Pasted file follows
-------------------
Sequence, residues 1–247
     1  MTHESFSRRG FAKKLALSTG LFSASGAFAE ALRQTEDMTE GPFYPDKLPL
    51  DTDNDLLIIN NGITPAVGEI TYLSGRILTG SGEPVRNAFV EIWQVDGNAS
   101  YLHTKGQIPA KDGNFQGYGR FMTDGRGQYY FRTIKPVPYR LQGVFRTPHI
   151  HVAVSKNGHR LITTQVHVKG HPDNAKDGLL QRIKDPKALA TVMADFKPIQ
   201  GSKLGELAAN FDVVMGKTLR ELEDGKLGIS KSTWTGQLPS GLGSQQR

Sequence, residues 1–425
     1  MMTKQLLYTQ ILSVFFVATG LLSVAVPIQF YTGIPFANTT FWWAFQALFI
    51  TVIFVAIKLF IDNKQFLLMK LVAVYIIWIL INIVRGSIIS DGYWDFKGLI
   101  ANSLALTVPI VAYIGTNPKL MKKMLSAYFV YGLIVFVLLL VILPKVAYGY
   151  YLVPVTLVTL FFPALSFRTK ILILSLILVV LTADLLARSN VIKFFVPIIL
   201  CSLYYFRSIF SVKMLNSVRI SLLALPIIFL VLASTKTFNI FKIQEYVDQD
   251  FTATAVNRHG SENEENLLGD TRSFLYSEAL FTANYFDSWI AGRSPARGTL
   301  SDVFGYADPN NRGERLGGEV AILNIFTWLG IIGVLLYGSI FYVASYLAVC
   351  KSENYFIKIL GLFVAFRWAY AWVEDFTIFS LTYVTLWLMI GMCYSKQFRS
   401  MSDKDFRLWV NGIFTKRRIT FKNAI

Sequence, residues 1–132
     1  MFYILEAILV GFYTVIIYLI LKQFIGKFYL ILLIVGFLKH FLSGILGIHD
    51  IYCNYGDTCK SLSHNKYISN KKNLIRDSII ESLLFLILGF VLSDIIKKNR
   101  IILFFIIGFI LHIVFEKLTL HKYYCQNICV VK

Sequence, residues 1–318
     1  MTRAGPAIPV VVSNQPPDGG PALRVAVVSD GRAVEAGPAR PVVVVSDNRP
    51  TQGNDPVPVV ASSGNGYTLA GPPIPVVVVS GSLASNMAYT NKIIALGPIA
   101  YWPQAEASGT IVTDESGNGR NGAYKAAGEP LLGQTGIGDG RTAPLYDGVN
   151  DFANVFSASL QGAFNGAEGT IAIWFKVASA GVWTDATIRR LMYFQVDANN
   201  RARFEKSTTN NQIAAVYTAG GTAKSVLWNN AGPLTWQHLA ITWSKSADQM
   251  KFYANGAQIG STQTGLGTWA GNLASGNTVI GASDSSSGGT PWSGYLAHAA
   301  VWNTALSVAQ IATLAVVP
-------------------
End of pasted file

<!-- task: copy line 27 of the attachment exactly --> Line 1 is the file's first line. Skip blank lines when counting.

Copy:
   251  KFYANGAQIG STQTGLGTWA GNLASGNTVI GASDSSSGGT PWSGYLAHAA